Labrador Caravan

July 13, 2007 Little Bay Island

Canadian Tire couldn’t find any signs of Matilda’s coolant leak, and I finally left Corner Brook for good – after one quick trip back from Deer Lake when I realized I’d forgotten my cameras in the Canatian Tire waiting room. Fed up with what passes for cities in Newfoundland, I scrutinized the map of the north shore in search of a nice place by the sea. The literature showed a ferry running out to a small island called Little Bay Island, so I thought I’d check it out.

After a fair bit of driving down isolated roads, I found my way to the ferry dock. This definitely wasn’t the ferry from North Sidney to Port aux Basques, not even the ferry from Godbout to Matane. There was no terminal, no ticket window, no lines

painted on the pavement for the cars to line up while waiting to board the boat. Just a board with the schedule, a big unpaved parking area, and a ramp where I supposed the cars would drive on and off. It was a Tuesday night, and the schedule for Wednesday was confusing – it said that was the work day, and there would only be a few trips. But it did show a boat arriving that evening, so I pulled Matilda over, popped the top, and settled in with a book.

Only one car drove off the boat when it pulled in an hour later. The three burly men who tied her up settled on a railing to wait for the outgoing vehicles, and I ambled over to chat. Was there much over on the island, if I were to go? Well, not much. Around a hundred people living there, used to be way more before the fish plant closed but the island’s dying now. Not many people going back and forth now, but the ferry still does. If they stopped running the ferry, though, that would be the end of the island, no one could live there any more. Four or five kilometers of road out there, and a mess of hiking trails. Yeah, sure I could go over with my bicycle, head out in the morning and come back in the afternoon. That would set me back four dollars fifty.

It sounded like a plan. I waved them off as they headed back on their last trip of the evening, and got to the business of dinner.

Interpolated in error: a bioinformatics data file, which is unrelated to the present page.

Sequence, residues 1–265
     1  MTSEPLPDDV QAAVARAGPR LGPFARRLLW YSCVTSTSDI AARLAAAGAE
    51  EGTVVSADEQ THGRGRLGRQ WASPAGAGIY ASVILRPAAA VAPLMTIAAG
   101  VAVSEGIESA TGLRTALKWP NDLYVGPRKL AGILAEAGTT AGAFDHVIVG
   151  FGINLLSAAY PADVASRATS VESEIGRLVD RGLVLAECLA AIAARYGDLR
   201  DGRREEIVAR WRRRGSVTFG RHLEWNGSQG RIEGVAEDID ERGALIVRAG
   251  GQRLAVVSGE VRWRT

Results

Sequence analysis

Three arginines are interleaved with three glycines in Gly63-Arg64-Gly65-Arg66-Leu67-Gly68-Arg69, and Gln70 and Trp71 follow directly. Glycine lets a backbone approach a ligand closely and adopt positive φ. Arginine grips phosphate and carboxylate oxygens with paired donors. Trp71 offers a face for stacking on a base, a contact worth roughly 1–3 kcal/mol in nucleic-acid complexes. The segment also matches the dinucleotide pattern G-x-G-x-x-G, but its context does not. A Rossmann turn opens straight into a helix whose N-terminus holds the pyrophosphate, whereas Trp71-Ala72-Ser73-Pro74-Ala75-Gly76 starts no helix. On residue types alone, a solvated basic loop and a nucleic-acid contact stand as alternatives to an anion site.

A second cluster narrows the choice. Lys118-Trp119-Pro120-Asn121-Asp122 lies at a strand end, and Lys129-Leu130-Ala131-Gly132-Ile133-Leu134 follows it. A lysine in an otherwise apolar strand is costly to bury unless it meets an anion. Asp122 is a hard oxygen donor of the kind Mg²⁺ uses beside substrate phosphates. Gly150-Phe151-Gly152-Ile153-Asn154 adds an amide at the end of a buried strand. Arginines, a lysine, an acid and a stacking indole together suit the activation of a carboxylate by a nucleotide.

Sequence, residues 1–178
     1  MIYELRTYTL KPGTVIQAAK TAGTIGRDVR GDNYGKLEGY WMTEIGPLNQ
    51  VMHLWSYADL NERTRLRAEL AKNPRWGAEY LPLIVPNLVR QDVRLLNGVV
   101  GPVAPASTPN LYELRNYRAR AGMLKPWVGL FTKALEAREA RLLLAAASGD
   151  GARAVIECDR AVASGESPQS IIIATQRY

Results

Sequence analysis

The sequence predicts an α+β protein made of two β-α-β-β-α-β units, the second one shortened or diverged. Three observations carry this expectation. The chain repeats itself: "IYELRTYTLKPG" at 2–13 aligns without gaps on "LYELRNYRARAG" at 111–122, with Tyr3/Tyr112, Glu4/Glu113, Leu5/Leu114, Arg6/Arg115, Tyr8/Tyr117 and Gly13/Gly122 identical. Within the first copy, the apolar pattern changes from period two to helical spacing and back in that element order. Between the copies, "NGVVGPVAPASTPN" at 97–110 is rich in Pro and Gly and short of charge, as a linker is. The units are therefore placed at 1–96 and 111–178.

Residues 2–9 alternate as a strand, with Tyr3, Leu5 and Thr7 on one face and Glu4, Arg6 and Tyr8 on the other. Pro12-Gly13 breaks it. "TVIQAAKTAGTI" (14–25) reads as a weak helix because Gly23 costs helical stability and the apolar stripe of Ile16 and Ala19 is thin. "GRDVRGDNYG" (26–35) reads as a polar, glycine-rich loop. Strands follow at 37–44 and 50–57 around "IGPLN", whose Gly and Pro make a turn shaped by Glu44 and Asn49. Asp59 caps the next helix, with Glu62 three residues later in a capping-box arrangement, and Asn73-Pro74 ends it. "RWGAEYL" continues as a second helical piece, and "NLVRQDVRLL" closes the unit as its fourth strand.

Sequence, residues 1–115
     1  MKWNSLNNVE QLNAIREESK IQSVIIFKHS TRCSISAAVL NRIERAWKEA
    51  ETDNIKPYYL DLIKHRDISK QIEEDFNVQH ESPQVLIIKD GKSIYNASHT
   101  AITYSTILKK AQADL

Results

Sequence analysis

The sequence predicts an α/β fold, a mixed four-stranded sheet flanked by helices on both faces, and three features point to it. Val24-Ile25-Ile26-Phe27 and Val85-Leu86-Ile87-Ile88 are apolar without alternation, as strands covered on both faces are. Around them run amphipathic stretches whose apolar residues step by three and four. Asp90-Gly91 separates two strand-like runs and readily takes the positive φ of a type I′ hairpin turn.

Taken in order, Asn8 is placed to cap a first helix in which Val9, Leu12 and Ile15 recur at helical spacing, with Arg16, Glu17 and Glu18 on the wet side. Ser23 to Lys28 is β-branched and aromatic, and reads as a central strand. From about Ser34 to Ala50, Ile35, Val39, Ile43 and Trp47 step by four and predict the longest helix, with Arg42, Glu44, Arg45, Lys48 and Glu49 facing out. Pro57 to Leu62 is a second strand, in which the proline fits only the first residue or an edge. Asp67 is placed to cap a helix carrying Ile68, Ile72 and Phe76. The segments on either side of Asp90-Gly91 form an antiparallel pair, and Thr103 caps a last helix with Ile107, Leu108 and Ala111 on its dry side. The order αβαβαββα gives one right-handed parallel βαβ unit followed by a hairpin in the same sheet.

I think the guys were a bit surprised to see me still there when they came in the next morning. A couple of cars were waiting to go to the island, then I rolled my bike on and locked it to a rail so it couldn’t fall over.

The ride was lovely. As we pulled out we cruised past a bald eagle, perched high on a rock watching us. And as we pulled out the narrow arm of the sea that sheltered the ferry landing, we passed a splendid gleaming iceberg. They are lovely things, icebergs. It was warm out, and the surface of this one had melted, giving it the shape of a dish of vanilla ice cream that has begun to drip. Its once sharp edges were rounded and slippery. Running through the brilliant white were veins of color, traces

of cool mint syrup on the sweet ice cream. They move very slowly, shifting slightly with the current and the waves, drifting back and forth with the tides. The boat skirted it very closely – too closely, if you ask me. An hour later it flipped over and great chunks fell into the sea. Fortunately we weren’t there.

Little Bay Island is small and steep, a single hill rising out of the sea. At the top of the hill a trail took off into the forests, so I left my bike and continued on foot. A few hundred meters up I reached a platform with a picnic table and a three hundred sixty degree view of the island, the sea, the icebergs, and in the distance the harbor where I’d left Matilda parked. I stood on the table and let the wind dry my hair and my sweat-soaked t-shirt. Goldfinches and crows flitted among the branches below me, and I considered taking off into the wind like one of them.

Riding down the hill into the village was glorious, even as I realized I was going to have to get back up that hill later in the day. There may only be 100 people living on Little Bay Islands, but there are far more houses than that. The village circles a small sheltered cove, whose mouth was spanned by a one-lane bridge, the now-closed fish processing plant opposite it on the inner

end of the cove. I rode past a church, the town hall, a woman cleaning up a playground while a boy played nearby on his bicycle, and across the bridge. Up a short hill a trail led to the coast and another picnic table. So I stretched out on the table in the sun, read my book, and watched an iceberg just offshore as it bobbed in the water.

Returning to my bike an hour later, I crossed paths with a woman leading a group of four visitors. She looked me up and down and remarked that she didn’t know me.

No, indeed you don’t, I’m not from here.

Ah, well then you’ll have to come round for tea, I live in the purple and white striped house, you can’t miss it. It’s the one painted like a Portuguese fisherman’s house, that’s how they do them over there.

Have you ever been to Portugal? Oh, these visitors are from the United States too, maybe you know each other? Well, yes, it’s a big country.

I did stop by her house later for tea. I turned down lunch, but she insisted on serving me a dish of cake and ice cream. Then sat me down on her porch and told me about growing up on Little Bay Island, moving to Montreal, both of her marriages, how she’d never expected to marry at all, going out with lots of different men in Montreal, the Portuguese friends she’d made working as a nurse and her visits to them in Portugal, returning to the island after her retirement, buying up vacant houses in the village to convert to guest homes for visiting Americans, how the island is dying now that the fish plant has closed.

How much of the overwhelming Newfoundland hospitality is the result of utter desperation for new faces, someone to listen to the stories that everyone else has already heard?

She was nice, outgoing, and friendly. I thoroughly enjoyed the hour I spent gossiping with her.

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